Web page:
Intermittent fasting isn’t something new. Since the early 20th century, people have been interested in the concept, and it’s fluctuated in its popularity over the decades.
But what exactly is intermittent fasting? Why is it so popular? And is it even effective at creating a healthy habit that provides benefits for your body?
We’ll look into some of the research behind this lasting trend, as well as any health risks and benefits that might be associated with this eating schedule.
What is intermittent fasting?
Intermittent fasting is a developed eating pattern that switches between periods of fasting and eating. It’s different from most diets in that it doesn’t affect what you eat but when and how often you eat.
From a human evolution perspective, this makes sense. For thousands of years, the hunters and gatherers of old didn’t have supermarkets, fast food, or refrigerators. There was never an easy or timely transition from being hungry to eating early on. Humans most likely ate minimal calories until they were able to make one big meal.
Intermittent fasting emulates much of the way our bodies are used to eating. It matches how our digestive systems functioned for a long while. As well, in the current era of being surrounded by food, fasting techniques are also a huge test and development of self control skills. Learning to be patient and to only provide the body with what’s needed is an insurmountable task when you’re surrounded by things you want.
Why is intermittent fasting so popular?
Like a lot of fad diets, intermittent fasting functions on the premise that changing one thing will alter your body’s nutrition and weight. It’s difference is that it focuses on the when, not what, of eating. This means that all of your favorite foods are still on the menu. You don’t have to change what you eat at all.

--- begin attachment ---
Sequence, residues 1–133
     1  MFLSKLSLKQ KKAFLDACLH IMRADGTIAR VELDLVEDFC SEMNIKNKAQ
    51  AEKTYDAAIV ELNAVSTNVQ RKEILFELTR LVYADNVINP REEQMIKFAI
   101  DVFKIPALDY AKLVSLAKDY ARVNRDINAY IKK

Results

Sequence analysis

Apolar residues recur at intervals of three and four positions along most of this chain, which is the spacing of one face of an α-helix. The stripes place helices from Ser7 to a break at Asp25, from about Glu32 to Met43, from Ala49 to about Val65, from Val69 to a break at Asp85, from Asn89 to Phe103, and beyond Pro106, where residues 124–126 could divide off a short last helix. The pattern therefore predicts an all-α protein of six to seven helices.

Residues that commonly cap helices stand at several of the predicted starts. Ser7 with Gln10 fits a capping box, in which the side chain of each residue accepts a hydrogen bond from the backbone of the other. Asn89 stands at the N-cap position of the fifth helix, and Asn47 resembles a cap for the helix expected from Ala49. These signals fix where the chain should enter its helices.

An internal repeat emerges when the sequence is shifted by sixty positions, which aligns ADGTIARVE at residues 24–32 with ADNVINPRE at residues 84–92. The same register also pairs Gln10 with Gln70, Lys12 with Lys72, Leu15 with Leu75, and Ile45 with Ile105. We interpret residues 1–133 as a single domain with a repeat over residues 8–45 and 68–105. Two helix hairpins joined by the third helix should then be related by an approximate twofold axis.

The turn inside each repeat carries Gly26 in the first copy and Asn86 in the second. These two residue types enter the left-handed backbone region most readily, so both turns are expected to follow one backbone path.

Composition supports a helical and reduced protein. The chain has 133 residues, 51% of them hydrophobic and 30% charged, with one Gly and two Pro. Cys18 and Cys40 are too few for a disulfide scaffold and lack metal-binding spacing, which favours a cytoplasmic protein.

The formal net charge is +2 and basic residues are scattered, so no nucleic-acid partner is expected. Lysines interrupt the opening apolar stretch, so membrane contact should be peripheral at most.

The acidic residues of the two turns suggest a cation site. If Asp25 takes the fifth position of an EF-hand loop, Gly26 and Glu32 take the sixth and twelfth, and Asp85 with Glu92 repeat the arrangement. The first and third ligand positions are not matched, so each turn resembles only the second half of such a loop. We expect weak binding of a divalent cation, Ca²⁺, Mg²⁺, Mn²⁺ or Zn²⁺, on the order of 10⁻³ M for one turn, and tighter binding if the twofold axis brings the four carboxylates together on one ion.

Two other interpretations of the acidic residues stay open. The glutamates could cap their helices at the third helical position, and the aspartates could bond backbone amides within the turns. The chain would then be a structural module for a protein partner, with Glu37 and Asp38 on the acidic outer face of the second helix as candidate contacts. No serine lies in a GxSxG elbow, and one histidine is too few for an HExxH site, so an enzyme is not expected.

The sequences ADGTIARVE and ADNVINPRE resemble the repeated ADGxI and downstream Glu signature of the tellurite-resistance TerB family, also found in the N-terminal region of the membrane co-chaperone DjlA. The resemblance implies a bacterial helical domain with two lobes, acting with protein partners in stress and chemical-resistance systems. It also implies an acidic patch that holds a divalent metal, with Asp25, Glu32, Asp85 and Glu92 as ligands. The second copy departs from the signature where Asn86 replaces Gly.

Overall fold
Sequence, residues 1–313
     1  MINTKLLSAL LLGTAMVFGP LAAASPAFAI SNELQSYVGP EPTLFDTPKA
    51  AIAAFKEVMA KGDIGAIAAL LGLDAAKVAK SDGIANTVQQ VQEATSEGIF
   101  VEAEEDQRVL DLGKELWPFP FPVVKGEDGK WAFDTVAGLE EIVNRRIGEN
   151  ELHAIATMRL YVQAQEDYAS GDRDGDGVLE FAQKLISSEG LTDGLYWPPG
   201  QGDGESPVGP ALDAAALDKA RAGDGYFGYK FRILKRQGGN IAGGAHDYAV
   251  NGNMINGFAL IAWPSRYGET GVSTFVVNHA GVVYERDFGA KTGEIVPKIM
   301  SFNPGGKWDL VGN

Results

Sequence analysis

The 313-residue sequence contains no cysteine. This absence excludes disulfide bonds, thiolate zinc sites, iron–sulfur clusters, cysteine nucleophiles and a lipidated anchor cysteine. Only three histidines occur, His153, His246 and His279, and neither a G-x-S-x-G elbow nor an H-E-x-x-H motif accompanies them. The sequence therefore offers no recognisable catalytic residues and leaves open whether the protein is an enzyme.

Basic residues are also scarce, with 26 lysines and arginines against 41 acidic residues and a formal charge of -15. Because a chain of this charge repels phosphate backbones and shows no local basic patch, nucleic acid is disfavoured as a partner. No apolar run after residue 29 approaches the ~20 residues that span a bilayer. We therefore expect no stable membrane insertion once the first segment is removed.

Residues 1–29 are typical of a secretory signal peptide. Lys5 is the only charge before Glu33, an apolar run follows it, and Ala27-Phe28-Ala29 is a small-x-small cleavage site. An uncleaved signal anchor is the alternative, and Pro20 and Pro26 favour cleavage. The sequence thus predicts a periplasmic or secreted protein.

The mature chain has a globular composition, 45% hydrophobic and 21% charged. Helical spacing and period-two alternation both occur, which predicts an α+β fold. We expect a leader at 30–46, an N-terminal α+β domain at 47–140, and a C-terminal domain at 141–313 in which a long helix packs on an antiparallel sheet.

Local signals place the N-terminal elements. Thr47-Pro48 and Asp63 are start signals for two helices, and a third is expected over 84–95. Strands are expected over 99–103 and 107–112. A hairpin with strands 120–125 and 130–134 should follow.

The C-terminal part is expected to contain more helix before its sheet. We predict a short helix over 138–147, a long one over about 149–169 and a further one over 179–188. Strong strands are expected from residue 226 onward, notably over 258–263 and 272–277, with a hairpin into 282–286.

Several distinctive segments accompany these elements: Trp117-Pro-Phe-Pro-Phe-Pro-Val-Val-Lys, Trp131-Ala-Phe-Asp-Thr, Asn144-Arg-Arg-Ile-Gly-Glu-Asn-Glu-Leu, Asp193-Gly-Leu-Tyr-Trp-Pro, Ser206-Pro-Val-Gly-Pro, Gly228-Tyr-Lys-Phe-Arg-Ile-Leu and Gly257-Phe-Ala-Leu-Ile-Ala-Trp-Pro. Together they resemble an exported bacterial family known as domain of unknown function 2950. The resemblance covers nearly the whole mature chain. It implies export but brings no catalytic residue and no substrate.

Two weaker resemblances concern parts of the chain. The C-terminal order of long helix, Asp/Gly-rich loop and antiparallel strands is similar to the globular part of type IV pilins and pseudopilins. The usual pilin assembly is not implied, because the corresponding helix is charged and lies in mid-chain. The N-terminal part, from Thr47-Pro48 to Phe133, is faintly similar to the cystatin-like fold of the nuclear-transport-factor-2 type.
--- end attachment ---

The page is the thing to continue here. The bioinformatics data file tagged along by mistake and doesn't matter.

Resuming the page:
As well, the diet offers a lot of flexible timing options. People’s lives are different levels and types of busy. The fact that there are so many variations to this diet schedule means that it can easily work for almost anyone. You don’t have to cut out your favorite food or meal. If there’s a will, there’s an intermittent fasting schedule, and there’s plenty of different types to choose from.
Does intermittent fasting work?
The most important question here is whether the idea of intermittent fasting even is effective at balancing nutrition and improving our bodies. Many studies look at the effectiveness of intermittent fasting by its effectiveness in weight loss.
One metastudy found that in 9 out of 11 research opportunities where patients were studied for over 8 weeks, intermittent fasting showed the same level of weight loss when compared to other diets that create restrictions in your caloric intake. The key takeaway here is that while those other diets cause you to remove specific foods or whole food groups, intermittent fasting merely focuses on when you eat.
Fasting is evolutionary ingrained within our bodies. One study on the effects of fasting on health, aging, and disease, recognized this. Simple fasting, even ones built into our schedules, improves our metabolism, lowers blood sugar levels, lessens inflammation, and can even help flush toxins out of our cells faster.
Obviously fasting comes at a cost. While we’re fasting, we might initially feel weaker, like our bodies aren’t doing well. It is important to listen to our bodies. If we’re feeling tired and hungry, filling up with water and taking a break from strenuous activity is definitely needed. Many health experts have weighed in that while providing fasting moments in their daily or weekly lives is healthy and important, finding which schedule works best for us, our schedule, and our own bodies is paramount.
Types of intermittent fasting schedules
Part of the magic of intermittent fasting is that it doesn’t follow the one-size-fits-all modality of other fad diets. There are different types of intermittent fasting that can be tailored to your personal lifestyle so that intermittent fasting can fit into your life, instead of the other way around. Here’s a few popular and effective ones.